There was a spring in Sophie’s step as she entered the lobby of her office. She looked upbeat and carefree in that light pink top and black knee-lenght skirt.
“You look cheerful, Sophie! Got a mid-year raise?” a colleague remarked jocosely.
“I wish!” Sophie said with an infectious smile as she swivelled her revolving chair and sat in it facing her desk. “It’s Friday, stupid! Weekend is here.”
Sophie, like most people, always looked forward to her weekends because she usually set them aside to complete some important personal work, and catch up on a bit of reading.
The noble plan notwithstanding, the pile of to-do items kept on increasing and the reading list continued becoming longer. And then weekends, like good times, would just scurry away in a jiffy, leaving Sophie with a sense of dissatisfaction and frustration on Sunday evenings at not being able to execute her plans.
Everyone in Sophie’s family knew about her ‘woeful weekends’, brought about by the fact that she could not differentiate between what was important and what wasn’t. In Sophie’s eyes, almost everything was equally important. For example, she really struggled when it came to choosing between a visit to the dentist and a trip to the stationery shop for a few stickers. In other words, she was unable to prioritise her work.
Unnecessary underlines in handwriting
According to handwriting analysis, a person’s inability to prioritise is sometimes seen in the excessive use of underscores in his handwriting. All of us use underscores to hightlight important points and enhance their significance. But if there are too many unnecessary underlines in handwriting, as you see in an example below, it shows that the writer wants to give undue importance even to trivial things.
Naturally, the recipient of such a document would be confused about what the writer wants to highlight. At the same time, this haphazard and random underlining of almost every word shows that the writer is incapable of distinguishing at all between the essential and the unessential. This inability to distinguish between the important and the unimportant is exposed also in day-to-day habits, relationships, dress choices and mannerisms.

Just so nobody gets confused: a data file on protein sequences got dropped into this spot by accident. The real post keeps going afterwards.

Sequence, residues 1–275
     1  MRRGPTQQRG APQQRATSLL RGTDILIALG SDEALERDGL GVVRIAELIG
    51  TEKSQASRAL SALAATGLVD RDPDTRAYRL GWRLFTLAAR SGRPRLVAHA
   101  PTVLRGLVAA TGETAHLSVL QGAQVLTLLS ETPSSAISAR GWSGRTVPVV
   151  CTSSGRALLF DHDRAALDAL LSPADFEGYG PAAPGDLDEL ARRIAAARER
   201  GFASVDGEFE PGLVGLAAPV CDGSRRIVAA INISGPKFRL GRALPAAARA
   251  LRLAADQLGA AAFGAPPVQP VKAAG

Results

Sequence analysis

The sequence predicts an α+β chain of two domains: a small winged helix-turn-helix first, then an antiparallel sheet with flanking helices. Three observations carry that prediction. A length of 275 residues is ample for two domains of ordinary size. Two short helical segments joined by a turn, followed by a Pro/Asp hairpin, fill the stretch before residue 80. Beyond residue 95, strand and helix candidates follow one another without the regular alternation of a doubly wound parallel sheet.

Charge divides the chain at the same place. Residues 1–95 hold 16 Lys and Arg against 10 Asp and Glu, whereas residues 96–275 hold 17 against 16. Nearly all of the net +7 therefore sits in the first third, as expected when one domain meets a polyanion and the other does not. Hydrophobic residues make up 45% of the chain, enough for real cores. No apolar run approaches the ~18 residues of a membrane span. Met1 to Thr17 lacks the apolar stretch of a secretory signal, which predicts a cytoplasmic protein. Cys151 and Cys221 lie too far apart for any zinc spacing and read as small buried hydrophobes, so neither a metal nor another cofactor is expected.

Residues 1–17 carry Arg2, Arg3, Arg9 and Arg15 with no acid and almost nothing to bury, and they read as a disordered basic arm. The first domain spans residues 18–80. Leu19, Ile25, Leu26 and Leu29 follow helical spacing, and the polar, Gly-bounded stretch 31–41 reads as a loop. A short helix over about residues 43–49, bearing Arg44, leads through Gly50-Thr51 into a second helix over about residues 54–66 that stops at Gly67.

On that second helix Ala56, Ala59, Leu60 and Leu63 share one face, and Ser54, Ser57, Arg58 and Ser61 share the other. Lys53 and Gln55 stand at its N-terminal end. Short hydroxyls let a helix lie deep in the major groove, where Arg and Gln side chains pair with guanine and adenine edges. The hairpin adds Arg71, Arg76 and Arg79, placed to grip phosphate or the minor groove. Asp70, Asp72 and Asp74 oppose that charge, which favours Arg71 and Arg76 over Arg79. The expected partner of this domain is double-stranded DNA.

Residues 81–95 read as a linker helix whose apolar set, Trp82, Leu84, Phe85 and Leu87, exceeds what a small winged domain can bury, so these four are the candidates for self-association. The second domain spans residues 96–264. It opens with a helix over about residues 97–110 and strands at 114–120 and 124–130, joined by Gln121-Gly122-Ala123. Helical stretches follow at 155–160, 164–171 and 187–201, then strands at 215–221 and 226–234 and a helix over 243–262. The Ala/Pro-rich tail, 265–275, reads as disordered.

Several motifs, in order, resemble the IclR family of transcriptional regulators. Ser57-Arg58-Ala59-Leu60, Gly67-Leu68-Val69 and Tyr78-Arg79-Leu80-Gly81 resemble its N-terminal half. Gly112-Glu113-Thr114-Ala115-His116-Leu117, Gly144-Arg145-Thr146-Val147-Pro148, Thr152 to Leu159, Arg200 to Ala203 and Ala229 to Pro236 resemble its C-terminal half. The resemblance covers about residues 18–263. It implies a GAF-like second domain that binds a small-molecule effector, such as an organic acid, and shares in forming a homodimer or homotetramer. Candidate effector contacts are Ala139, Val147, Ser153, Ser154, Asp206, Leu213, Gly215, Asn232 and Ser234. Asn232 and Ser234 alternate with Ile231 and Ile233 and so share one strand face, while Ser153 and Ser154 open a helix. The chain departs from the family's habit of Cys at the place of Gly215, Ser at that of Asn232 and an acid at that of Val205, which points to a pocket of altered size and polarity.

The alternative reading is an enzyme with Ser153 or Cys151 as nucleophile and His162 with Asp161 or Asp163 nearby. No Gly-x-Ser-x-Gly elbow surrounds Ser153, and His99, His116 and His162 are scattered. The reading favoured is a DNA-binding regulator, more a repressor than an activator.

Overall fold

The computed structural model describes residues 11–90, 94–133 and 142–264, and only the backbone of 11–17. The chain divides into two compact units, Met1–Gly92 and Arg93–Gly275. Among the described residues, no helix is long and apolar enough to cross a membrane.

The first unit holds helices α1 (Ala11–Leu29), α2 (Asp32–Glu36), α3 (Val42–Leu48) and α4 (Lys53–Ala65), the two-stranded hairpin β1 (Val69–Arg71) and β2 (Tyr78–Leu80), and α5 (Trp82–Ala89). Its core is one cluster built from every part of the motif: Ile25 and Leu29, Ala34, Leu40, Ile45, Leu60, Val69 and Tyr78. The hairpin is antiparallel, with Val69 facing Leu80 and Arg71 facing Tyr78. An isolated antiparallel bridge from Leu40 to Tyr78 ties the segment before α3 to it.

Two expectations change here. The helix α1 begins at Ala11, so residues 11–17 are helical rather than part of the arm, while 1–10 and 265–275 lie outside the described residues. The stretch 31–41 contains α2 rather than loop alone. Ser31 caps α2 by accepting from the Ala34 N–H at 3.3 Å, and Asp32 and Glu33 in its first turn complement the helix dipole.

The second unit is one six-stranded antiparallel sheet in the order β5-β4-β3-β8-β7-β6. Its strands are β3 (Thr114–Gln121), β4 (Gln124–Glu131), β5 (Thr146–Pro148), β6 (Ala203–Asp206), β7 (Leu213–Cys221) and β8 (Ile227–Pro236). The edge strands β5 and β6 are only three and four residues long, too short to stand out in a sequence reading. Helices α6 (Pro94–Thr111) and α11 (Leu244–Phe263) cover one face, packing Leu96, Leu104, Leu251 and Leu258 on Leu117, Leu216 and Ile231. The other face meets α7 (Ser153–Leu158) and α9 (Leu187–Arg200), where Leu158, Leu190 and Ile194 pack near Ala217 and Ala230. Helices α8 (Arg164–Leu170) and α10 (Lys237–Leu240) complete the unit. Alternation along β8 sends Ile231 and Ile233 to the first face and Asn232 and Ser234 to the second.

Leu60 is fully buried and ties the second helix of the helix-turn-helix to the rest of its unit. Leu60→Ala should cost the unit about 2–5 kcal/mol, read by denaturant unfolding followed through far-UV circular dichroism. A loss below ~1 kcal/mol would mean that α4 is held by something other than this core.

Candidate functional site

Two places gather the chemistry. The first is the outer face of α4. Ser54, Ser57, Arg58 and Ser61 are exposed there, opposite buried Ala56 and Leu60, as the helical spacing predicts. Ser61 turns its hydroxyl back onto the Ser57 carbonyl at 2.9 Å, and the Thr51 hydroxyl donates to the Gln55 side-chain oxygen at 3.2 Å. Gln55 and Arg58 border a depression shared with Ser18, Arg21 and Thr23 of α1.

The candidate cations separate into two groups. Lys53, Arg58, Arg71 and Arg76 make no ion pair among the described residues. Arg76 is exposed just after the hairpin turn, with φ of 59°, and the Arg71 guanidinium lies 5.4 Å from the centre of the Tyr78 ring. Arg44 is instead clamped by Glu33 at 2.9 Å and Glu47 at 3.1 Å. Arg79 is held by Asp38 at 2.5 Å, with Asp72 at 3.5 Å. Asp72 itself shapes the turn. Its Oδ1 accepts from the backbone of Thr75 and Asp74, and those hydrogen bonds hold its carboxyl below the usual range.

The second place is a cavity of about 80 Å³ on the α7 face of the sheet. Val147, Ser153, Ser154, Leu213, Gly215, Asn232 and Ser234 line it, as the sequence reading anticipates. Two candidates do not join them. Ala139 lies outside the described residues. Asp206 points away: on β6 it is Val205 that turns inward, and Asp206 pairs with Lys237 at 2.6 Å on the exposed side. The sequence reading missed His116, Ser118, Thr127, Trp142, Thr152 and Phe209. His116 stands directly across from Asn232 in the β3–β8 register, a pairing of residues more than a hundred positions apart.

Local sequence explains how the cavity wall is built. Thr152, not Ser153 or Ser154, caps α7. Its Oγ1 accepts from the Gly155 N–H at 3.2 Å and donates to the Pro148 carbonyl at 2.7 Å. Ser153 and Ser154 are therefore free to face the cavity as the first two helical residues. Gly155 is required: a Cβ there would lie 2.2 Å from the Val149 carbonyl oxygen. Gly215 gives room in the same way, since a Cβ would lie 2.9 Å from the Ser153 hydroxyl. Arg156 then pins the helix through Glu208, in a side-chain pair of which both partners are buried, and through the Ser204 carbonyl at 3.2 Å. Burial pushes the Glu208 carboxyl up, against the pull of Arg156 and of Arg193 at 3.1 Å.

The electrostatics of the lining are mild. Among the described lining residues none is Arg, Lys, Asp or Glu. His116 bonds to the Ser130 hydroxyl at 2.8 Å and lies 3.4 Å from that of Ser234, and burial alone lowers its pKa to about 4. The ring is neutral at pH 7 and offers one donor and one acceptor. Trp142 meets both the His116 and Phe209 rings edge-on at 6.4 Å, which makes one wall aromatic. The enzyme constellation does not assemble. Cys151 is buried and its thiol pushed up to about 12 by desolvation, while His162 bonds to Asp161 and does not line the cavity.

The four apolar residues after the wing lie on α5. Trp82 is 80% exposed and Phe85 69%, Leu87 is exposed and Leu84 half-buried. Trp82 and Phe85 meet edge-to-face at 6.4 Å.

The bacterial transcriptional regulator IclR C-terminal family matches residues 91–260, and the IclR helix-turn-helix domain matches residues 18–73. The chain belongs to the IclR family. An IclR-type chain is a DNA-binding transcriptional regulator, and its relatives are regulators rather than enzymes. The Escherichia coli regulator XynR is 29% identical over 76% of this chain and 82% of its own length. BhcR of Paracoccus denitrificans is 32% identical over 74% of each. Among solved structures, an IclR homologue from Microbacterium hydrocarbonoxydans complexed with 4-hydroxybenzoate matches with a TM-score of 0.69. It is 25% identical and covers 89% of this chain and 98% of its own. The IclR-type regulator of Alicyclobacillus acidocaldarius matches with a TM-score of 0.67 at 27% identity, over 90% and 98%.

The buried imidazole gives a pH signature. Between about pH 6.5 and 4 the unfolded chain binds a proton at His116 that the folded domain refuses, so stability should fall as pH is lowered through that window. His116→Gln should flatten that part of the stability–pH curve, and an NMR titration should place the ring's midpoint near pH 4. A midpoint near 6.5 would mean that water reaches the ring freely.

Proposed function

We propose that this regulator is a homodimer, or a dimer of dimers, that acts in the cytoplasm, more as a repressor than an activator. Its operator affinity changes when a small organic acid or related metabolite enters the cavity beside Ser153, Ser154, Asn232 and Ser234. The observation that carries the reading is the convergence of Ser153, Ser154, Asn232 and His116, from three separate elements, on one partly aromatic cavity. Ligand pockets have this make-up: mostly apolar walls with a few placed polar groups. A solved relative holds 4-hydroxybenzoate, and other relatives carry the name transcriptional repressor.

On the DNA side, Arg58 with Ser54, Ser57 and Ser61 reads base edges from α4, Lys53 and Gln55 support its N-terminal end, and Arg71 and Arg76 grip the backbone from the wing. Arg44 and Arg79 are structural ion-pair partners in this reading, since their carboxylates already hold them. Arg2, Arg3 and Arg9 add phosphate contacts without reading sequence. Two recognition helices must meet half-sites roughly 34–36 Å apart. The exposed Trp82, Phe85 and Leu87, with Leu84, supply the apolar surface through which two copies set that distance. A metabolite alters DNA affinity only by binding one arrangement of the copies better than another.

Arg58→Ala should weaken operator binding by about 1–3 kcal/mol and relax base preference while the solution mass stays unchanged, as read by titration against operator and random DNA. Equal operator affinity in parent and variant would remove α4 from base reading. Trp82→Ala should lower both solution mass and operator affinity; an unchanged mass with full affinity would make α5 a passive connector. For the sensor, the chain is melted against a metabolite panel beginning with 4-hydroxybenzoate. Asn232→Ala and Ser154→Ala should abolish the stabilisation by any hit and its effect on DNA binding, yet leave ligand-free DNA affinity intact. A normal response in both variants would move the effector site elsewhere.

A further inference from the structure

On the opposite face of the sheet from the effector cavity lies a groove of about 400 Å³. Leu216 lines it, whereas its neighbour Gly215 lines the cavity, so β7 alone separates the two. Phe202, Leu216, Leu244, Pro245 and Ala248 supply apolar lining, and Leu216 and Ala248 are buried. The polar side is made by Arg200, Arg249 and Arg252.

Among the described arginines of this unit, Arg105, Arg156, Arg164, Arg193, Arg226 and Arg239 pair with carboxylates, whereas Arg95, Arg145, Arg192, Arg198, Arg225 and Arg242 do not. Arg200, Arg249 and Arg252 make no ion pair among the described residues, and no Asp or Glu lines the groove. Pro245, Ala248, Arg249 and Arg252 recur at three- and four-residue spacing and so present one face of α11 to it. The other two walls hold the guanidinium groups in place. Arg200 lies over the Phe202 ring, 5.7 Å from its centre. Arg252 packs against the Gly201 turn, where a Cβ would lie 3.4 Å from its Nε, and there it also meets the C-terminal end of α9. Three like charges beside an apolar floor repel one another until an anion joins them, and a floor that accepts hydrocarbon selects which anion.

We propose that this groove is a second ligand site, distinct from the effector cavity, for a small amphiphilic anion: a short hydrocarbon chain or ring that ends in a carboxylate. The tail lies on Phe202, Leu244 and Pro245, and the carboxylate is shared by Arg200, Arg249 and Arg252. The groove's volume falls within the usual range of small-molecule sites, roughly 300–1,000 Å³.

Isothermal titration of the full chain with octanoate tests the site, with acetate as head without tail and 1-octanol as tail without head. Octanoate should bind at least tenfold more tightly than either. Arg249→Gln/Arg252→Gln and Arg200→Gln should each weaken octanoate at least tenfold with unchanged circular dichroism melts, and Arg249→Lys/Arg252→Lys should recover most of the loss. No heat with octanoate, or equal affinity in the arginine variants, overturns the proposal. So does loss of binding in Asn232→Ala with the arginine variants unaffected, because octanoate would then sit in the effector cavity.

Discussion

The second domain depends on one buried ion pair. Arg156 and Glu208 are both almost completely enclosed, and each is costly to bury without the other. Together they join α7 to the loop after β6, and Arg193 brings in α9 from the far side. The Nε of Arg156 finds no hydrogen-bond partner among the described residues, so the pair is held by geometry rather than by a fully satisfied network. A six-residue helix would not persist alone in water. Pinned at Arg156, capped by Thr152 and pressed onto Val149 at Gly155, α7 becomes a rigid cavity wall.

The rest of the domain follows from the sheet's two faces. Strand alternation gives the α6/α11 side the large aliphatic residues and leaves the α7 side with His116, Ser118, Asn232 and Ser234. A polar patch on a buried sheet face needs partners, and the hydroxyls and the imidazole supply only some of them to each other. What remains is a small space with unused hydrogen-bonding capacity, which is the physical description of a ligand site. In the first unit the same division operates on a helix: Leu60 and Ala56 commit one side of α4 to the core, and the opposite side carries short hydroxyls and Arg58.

Sophie used unnecessary underlines in her handwriting, which showed that even at work she would struggle when it came to prioritising her taks and managing her to-do list well.
Hans Jacobey says in his book, Analysis of Handwriting, that such writers “persist with great obstinacy and stubbornness in emphasizing and stressing trifles as if they were essentials. As a rule it is a feeling of personal frustration which impels them to demand that even the most unimportant features in their personal appearance and behavior should be appreciated and observed by others as important.”
Entangled lines: a sign of confusion
In handwriting analysis, entangled lines is another indicator that points to the writer’s inability to prioritise. Despite being a capable person, such a writer loses track of her assignments because she does not prioritise or plan. Leaving one task unfinished, she hops to the other and ends up finishing neither. (Read about entangled lines)
If unnecessary underlines appear in handwriting along with entanled lines, you have a person who can’t take a decision quickly and is more likely to live in messy conditions.
Unnecessary underlines: Conclusion
If you use unnecessary underslines in your handwriting, you must lose them immediately in order to become efficient. You must remember that you will keep getting sucked into unimportant things if you continue using unnecessary underlines in your handwriting.
Do you have such underscores in your handwriting? Let us know in the comment box below.